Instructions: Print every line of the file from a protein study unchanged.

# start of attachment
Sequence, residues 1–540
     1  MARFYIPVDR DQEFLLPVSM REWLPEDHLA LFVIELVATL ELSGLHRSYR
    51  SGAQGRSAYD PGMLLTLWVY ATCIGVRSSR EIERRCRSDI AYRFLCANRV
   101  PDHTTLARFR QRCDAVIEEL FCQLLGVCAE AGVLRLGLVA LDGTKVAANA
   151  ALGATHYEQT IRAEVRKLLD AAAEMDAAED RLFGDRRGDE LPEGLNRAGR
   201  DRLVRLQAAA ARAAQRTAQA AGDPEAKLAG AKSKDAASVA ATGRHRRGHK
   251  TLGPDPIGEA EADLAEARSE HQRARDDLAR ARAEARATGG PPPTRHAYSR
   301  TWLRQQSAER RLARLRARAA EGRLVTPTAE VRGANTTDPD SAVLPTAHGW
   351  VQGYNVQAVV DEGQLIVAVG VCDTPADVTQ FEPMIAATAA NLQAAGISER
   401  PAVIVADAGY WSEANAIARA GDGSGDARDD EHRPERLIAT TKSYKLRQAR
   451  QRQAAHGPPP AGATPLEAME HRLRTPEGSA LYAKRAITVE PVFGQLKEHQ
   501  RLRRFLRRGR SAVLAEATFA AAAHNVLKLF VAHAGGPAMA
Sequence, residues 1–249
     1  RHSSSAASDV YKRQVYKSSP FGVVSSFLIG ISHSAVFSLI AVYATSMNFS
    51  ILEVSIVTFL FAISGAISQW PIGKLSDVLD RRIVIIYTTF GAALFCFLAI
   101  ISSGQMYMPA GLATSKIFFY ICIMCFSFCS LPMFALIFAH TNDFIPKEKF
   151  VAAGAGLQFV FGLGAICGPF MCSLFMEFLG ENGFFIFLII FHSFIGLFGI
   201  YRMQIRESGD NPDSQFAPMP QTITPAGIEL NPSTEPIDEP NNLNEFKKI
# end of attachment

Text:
Sequence, residues 1–540
     1  MARFYIPVDR DQEFLLPVSM REWLPEDHLA LFVIELVATL ELSGLHRSYR
    51  SGAQGRSAYD PGMLLTLWVY ATCIGVRSSR EIERRCRSDI AYRFLCANRV
   101  PDHTTLARFR QRCDAVIEEL FCQLLGVCAE AGVLRLGLVA LDGTKVAANA
   151  ALGATHYEQT IRAEVRKLLD AAAEMDAAED RLFGDRRGDE LPEGLNRAGR
   201  DRLVRLQAAA ARAAQRTAQA AGDPEAKLAG AKSKDAASVA ATGRHRRGHK
   251  TLGPDPIGEA EADLAEARSE HQRARDDLAR ARAEARATGG PPPTRHAYSR
   301  TWLRQQSAER RLARLRARAA EGRLVTPTAE VRGANTTDPD SAVLPTAHGW
   351  VQGYNVQAVV DEGQLIVAVG VCDTPADVTQ FEPMIAATAA NLQAAGISER
   401  PAVIVADAGY WSEANAIARA GDGSGDARDD EHRPERLIAT TKSYKLRQAR
   451  QRQAAHGPPP AGATPLEAME HRLRTPEGSA LYAKRAITVE PVFGQLKEHQ
   501  RLRRFLRRGR SAVLAEATFA AAAHNVLKLF VAHAGGPAMA
Sequence, residues 1–249
     1  RHSSSAASDV YKRQVYKSSP FGVVSSFLIG ISHSAVFSLI AVYATSMNFS
    51  ILEVSIVTFL FAISGAISQW PIGKLSDVLD RRIVIIYTTF GAALFCFLAI
   101  ISSGQMYMPA GLATSKIFFY ICIMCFSFCS LPMFALIFAH TNDFIPKEKF
   151  VAAGAGLQFV FGLGAICGPF MCSLFMEFLG ENGFFIFLII FHSFIGLFGI
   201  YRMQIRESGD NPDSQFAPMP QTITPAGIEL NPSTEPIDEP NNLNEFKKI